Chris Christie is still battling the fallout from the bridge scandal, but if this Bloomberg report is any indication, the bridge scandal may not even be the biggest problem for the Governor’s national political prospects. Christie is cutting $94 million from the state’s pension contribution as part of nearly $700 million in spending cuts to balance the budget. Moody’s is concerned about this move:
The change will use employee contribution requirements that were enacted in a 2011 benefits overhaul, a move that results in a reduction of the state’s recommended payment for this fiscal year, which ends June 30, and next. Christie’s need to “retroactively recalculate the amounts indicates that the state’s financial position is weaker than expected and that more typical budget-balancing solutions have already been exhausted,” [Moody’s vice president and senior analyst Baye] Larsen wrote. […]While the fix will help balance budgets through fiscal 2018, pension costs will be higher in later years as a result, according to Moody’s. The company reduced its outlook on New Jersey’s debt to negative from stable in December, citing a “sluggish economic recovery” and a growing pension burden. […]“The state continues to use one-time fixes that indicate above-average financial weakness,” Larsen wrote yesterday.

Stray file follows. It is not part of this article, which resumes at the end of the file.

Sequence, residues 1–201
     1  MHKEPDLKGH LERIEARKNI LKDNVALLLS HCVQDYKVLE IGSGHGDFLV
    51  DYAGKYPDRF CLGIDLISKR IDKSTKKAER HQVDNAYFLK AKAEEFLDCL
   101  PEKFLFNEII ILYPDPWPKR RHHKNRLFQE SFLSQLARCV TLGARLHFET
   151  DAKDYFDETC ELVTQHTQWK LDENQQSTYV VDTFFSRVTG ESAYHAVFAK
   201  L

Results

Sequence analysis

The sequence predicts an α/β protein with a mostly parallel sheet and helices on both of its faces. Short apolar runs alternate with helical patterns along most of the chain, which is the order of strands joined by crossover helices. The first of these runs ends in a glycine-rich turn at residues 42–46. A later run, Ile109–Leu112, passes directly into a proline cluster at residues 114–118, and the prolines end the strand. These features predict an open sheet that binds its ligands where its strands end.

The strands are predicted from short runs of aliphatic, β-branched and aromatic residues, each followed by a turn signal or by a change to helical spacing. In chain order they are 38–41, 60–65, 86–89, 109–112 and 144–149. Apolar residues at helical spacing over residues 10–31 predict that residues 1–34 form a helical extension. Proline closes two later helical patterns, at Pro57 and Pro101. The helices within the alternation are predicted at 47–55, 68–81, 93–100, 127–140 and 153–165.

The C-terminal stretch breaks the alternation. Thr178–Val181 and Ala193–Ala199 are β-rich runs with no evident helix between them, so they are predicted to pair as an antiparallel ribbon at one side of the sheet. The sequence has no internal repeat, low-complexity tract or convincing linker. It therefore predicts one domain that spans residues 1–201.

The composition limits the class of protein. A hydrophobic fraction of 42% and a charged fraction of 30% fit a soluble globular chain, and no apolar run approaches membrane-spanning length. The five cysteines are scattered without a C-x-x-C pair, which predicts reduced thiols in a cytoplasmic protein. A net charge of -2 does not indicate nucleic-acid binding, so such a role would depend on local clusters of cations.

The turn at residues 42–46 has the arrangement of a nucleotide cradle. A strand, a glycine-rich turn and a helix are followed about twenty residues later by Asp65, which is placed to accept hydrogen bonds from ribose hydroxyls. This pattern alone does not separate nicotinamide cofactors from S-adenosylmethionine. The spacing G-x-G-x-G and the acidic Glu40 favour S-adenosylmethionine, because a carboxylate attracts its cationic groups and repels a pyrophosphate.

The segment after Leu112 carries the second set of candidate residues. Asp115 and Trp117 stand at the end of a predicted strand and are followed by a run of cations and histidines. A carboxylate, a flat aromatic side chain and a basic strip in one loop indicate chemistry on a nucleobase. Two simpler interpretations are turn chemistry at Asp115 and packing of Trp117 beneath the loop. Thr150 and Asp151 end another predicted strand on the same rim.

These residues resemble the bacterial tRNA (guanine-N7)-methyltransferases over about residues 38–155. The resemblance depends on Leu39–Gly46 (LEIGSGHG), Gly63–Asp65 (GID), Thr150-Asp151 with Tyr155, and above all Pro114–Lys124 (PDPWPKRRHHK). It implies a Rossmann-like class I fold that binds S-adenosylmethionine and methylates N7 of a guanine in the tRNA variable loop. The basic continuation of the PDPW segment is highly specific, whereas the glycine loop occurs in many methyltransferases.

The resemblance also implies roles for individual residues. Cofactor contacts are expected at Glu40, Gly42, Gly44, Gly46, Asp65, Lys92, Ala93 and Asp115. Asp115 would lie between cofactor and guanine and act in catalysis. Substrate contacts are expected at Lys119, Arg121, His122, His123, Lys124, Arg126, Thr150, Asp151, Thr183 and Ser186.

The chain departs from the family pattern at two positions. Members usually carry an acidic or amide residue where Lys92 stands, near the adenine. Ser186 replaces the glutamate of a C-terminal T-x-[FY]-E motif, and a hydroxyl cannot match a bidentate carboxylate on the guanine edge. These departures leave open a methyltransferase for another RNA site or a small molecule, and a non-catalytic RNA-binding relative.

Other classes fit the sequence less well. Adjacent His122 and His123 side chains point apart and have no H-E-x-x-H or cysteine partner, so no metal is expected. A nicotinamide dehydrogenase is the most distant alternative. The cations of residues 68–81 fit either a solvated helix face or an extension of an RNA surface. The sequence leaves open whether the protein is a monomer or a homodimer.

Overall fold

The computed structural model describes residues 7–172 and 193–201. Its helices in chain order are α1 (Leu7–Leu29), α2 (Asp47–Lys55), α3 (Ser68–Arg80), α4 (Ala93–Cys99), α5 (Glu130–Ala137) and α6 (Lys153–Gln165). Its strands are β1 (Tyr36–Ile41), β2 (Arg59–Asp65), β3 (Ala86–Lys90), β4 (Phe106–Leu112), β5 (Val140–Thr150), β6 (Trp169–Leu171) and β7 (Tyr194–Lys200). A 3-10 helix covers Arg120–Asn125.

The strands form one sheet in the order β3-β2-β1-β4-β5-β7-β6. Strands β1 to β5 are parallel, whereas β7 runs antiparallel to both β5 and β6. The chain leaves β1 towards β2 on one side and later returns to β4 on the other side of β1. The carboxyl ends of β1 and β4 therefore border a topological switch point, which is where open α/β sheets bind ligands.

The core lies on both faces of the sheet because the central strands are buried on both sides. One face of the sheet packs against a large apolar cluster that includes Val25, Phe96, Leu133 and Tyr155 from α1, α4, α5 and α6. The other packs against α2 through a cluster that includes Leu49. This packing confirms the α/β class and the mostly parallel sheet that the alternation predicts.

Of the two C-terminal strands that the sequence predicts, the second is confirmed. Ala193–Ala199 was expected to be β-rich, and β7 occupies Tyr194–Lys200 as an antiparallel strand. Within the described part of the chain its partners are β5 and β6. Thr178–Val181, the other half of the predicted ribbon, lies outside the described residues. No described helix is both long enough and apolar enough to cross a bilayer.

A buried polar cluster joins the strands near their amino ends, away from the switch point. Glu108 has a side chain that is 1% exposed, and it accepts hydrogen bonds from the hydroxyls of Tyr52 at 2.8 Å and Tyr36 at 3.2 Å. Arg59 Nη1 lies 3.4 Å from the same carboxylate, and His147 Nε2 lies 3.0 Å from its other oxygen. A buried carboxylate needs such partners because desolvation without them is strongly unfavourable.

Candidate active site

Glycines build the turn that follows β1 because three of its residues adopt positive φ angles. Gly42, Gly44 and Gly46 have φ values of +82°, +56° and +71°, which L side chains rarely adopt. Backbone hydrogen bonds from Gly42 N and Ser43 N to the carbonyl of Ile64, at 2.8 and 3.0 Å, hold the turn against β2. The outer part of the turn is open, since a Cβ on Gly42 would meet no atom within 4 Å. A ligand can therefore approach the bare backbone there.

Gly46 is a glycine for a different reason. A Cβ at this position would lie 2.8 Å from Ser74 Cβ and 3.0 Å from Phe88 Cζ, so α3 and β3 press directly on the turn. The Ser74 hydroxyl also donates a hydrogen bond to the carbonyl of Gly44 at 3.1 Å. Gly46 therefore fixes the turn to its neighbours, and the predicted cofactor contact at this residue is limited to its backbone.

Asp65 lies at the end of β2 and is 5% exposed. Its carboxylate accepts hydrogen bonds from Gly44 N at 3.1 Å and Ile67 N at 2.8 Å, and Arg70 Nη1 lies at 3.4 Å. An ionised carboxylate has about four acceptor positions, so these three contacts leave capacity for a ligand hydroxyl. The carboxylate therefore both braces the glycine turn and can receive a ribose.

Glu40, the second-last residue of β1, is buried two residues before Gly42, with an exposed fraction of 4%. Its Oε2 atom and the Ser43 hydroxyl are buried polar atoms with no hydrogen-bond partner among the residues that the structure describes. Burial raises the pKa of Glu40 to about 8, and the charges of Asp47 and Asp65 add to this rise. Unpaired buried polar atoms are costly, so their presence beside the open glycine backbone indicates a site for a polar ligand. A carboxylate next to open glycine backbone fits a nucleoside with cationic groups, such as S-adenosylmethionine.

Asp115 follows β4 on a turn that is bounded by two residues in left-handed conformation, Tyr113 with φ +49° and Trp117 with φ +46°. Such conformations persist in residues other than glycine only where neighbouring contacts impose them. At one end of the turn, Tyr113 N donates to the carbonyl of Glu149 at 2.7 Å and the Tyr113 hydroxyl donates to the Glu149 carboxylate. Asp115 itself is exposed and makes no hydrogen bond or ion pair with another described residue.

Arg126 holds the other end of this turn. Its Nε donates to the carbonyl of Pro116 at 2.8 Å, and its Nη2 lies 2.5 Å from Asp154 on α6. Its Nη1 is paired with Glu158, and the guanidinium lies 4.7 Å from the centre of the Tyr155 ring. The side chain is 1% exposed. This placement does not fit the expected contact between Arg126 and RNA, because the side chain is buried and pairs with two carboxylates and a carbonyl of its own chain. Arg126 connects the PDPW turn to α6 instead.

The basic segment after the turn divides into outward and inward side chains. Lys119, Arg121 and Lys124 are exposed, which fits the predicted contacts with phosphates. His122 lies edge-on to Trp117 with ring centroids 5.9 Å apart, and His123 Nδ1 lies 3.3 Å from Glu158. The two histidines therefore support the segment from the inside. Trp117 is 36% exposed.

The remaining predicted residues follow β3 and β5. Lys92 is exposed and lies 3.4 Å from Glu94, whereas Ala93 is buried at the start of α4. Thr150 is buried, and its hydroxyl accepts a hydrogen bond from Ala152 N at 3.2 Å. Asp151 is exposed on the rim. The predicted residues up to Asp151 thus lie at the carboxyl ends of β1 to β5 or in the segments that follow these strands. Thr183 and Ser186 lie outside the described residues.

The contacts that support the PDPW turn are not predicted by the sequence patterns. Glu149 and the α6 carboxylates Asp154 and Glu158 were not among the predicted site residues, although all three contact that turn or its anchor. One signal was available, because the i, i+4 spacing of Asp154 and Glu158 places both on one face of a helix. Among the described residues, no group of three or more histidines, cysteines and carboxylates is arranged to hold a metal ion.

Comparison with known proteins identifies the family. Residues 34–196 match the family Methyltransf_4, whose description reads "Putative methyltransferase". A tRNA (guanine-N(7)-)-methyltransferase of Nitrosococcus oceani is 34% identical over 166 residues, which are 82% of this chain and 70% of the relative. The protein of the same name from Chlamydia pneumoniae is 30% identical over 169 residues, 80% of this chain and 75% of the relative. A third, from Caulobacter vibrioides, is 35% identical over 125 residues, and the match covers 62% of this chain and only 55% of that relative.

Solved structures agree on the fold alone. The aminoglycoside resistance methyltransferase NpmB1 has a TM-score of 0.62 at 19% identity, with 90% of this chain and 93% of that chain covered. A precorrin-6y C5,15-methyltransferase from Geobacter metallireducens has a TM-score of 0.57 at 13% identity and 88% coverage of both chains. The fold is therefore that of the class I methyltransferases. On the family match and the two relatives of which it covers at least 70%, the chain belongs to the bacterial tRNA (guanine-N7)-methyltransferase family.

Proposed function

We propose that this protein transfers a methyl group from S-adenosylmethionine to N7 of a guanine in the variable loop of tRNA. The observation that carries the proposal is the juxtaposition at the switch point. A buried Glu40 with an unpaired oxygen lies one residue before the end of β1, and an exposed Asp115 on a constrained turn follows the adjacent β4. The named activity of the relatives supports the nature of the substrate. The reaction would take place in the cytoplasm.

Every credit-rating agency has demoted New Jersey by one level since the start of Christie’s tenure in 2010, bringing the state to the third-lowest rating nationwide (only Illinois and California are lower).To be fair to Christie, many of these problems are not his fault. He inherited a government whose finances and pension programs were already in deep trouble, and his administration has done far more to address the problem than those of his predecessors. Unfortunately, minor cost-cutting and employee contribution increases alone won’t bring the system back to full funding, and barring even larger benefit cuts or contribution increases, both of which are extremely unlikely, the state will need to kick in some more money to keep the system solvent.Rather than doing that, however, New Jersey seems to be moving the opposite direction, cutting its contributions to fix a hole elsewhere in the budget, punting the problem further into the future. This isn’t fiscal prudence; it’s exactly the sort of short-term thinking that has put so many pension plans into hot water in the first place.